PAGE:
The execution of 10 journalists and two police officers by Islamist extremists in Paris this week has justifiably drawn international condemnation.
It’s seen as not only an attack against a single news outlet, but an affront to a fundamental tenet of our democratic values: Freedom of expression.
That the newspaper Charlie Hebdo can spark outrage is nothing new. It’s satirical attack on institutions on all sides of the political and religious spectrum has spared few.
But anger is one thing. Murder is something else.
According to media reports the journalists were singled out, identified by name and systematically shot.
They are not the first journalists to die, of course. Last year 61 journalists were killed doing their job. In 2013 the number was 70.
True, reporting from locations like a war zone can be a dangerous business. But of those killed last year, 27 were deliberately murdered.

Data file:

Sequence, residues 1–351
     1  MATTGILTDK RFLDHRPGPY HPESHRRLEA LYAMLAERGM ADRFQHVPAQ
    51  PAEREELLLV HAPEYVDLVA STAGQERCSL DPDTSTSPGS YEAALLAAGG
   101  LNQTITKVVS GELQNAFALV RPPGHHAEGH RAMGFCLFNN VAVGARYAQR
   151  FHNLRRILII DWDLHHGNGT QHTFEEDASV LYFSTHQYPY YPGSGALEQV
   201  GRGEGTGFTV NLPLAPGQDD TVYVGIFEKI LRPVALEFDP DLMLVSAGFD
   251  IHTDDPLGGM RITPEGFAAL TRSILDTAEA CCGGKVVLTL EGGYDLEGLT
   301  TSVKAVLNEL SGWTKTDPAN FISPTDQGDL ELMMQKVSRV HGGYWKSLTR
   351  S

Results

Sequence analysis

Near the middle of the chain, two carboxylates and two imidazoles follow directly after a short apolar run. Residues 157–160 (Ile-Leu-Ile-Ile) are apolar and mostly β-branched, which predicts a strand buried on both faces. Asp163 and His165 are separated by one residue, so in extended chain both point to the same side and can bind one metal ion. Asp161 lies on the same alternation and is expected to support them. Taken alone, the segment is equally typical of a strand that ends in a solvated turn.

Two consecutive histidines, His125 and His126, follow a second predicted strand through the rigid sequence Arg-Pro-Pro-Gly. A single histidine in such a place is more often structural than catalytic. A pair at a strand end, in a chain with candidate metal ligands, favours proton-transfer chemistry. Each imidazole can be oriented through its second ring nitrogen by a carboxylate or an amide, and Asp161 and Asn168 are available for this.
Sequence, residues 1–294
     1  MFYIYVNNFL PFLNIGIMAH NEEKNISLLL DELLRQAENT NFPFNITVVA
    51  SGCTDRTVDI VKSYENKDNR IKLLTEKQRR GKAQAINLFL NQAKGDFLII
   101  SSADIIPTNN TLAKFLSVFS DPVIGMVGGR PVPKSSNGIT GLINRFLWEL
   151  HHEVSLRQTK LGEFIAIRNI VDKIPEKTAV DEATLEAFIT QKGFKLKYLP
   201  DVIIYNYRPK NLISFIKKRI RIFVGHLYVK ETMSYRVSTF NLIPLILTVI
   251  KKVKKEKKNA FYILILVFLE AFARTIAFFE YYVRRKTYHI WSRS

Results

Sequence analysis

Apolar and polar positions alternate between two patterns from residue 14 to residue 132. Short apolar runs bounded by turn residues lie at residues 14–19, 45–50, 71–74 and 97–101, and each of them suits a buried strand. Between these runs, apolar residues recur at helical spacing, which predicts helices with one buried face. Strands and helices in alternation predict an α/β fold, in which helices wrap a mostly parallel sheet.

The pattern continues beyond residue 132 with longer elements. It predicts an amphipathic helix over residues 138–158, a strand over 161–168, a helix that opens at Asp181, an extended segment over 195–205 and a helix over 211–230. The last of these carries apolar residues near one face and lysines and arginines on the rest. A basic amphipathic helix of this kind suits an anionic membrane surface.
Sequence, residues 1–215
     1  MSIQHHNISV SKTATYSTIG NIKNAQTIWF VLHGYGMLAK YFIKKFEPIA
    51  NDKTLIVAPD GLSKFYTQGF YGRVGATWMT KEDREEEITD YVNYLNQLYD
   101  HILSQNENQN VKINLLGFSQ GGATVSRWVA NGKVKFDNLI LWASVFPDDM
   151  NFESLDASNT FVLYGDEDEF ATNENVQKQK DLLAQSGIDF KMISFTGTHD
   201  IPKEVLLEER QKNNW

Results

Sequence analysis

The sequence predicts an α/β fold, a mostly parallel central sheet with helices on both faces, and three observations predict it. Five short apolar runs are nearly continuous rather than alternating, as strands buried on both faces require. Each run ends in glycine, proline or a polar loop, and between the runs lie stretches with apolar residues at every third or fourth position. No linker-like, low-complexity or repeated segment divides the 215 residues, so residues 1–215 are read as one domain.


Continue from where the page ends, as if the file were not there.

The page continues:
The motives vary. However, the underlying theme is the suppression of information and a desire to control the message.
We can’t let that happen.
We can’t let any individual or organization dictate through force the information we receive, whether it’s an in depth investigation, or a satirical cartoon.
To be clear, freedom of expression is not absolute. There are limitations, (like the promotion of violence and the dissemination of hate).
But that still leaves a lot of latitude.
We live in a time when access to information has never been easier. We can find it online, have it delivered to our doorstep, or channeled to our living room.
But behind that information are thousands of women and men striving to provide the details you need to form your own judgements about a complicated world.
We can’t let the ignorance and intolerance of armed thugs – and those who support them – stand in our way.